If the EU wants to consolidate its position in the international community, it must exercise a credible degree of military power. The military aggressions on the eastern border of Europe by Russia remain one concern. How can the EU present itself as a reliable partner if it cannot step up in aid of its allies in times of need?
The strong drive for further cohesion within the EU is undeniable. What started out as an economic union is gradually consolidating itself as a European political union. And as part of this political unity, European Commission President Ursula von Der Leyen has revived talks for a common defence system through the setting up of a European army. The message is clear - if the EU wants to consolidate its position in the international community, it must exercise a credible degree of military power.
But let’s face it, the EU is not a USA 2.0. Despite EU bureaucrats’ best efforts to present the EU as a solid political bloc, the great diversity in culture and mentality of its members still leaves visible cracks. Brexit and the unsurprising scepticism of former Soviet republics towards stronger centralised powers are clear examples. Nevertheless, France and Germany have been at the forefront of pushing for the idea of a European Army. But why does the EU need an army in the first place?
The military aggressions on the eastern border of Europe by Russia remain one concern. Despite the trend towards closer ties, when push came to shove, Ukraine received no support from Europe when Russian forces took over Crimea unopposed. How can the EU present itself as a reliable partner if it cannot step up in aid of its allies in times of need? One may argue that Ukraine is not an EU member, and therefore, the EU was in no way obliged to intervene. But a similar issue can be seen closer to home. Turkey is increasingly flexing its muscles at the heart of the continent, frequently applying bullying tactics on neighbouring Greece, and it still militarily controls half of Cyprus.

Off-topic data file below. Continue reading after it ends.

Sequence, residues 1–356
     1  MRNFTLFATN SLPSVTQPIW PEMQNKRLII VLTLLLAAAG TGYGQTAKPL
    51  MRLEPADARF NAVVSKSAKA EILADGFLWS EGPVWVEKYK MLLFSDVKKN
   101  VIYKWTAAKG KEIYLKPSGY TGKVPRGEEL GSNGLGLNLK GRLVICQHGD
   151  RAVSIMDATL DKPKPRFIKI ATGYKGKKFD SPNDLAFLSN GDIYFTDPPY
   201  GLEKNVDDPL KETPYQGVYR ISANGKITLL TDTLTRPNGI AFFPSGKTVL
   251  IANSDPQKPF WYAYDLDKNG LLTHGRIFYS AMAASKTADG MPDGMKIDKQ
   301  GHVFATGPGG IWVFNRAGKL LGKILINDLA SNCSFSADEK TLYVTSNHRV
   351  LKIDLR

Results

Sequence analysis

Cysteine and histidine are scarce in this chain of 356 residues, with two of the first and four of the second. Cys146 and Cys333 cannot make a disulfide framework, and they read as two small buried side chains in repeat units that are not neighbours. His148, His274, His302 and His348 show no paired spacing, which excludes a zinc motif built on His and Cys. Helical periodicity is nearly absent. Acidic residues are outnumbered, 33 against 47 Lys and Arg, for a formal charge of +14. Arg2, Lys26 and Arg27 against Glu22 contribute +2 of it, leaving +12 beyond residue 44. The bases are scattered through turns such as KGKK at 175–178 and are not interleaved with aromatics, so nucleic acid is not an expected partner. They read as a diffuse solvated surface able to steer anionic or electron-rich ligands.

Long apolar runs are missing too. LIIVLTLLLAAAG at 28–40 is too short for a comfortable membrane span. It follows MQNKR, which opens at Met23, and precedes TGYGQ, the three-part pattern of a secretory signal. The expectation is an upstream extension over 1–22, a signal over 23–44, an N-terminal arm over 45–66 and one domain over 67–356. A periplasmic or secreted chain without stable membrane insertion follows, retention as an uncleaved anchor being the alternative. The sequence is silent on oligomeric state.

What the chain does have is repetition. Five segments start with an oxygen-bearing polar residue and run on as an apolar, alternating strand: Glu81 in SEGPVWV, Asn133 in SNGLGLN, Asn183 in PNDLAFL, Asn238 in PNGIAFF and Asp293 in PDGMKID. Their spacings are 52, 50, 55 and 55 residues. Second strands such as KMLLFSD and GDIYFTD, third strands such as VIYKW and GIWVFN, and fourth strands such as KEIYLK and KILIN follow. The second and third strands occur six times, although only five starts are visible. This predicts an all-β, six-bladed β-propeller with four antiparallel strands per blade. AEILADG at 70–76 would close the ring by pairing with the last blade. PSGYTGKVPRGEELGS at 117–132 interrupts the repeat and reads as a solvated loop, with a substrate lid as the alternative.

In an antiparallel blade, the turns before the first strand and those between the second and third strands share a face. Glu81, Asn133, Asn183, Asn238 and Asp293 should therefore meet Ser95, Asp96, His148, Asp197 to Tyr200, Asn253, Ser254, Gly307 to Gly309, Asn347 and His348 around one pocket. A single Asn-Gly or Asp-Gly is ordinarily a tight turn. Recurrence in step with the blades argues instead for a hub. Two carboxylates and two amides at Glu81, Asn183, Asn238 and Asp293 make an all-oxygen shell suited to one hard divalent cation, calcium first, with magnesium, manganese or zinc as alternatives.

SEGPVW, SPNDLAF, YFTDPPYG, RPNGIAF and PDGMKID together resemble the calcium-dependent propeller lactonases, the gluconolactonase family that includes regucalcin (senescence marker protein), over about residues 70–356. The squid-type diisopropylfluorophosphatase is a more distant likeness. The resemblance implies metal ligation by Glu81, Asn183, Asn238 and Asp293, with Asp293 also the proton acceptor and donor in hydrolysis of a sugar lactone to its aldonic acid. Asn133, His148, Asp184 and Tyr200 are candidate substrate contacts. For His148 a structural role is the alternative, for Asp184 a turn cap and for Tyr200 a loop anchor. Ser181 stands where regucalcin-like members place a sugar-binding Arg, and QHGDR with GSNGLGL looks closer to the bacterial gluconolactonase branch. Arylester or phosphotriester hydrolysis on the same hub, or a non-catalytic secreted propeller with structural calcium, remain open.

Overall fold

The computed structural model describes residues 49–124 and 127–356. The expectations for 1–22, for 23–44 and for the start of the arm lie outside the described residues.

Elsewhere, we've seen numerous terror attacks in France, Germany, Belgium and the like. Like it or not, the international landscape is becoming increasingly more dangerous for Europeans due to issues with Russia and Belarus on the eastern border, Turkey in the Balkans, Iran with its nuclear armaments in the Middle East, the volatility in northern Africa and the increased influence of communist China on the global scale. As the old Roman proverb goes, si vis pacem, para bellum - if you want peace, prepare for war. Can EU Member States defend themselves against these global issues on their own?
By cooperating and pooling resources, rather than wasting resources on parallel structures, equipment and bureaucracy, EU countries can get more for their military spending. As a bloc, the EU could also consider entering the military spending market, something which EU countries have struggled to do. Not to mention that there are important information synergies that can be shared between countries which, at least historically, have a long military tradition.
The third argument, which has been clearly articulated by Emmanuel Macron and Angela Merkel on separate occasions, is for the EU’s self-sufficiency. At present, the EU’s defence strategy is essentially dependent on NATO, which is dominated by the US as the biggest military spender by far. France in particular has had a bit of a rough history with NATO, having partially and temporarily left in the 1960s, arguing that the United States was too dominant within the organisation. At that time, French president Charles de Gaulle believed that France should position itself as a counterweight to US power globally. It’s not too difficult to hear echoes of this sentiment by Emmanuel Macron in the European Army project.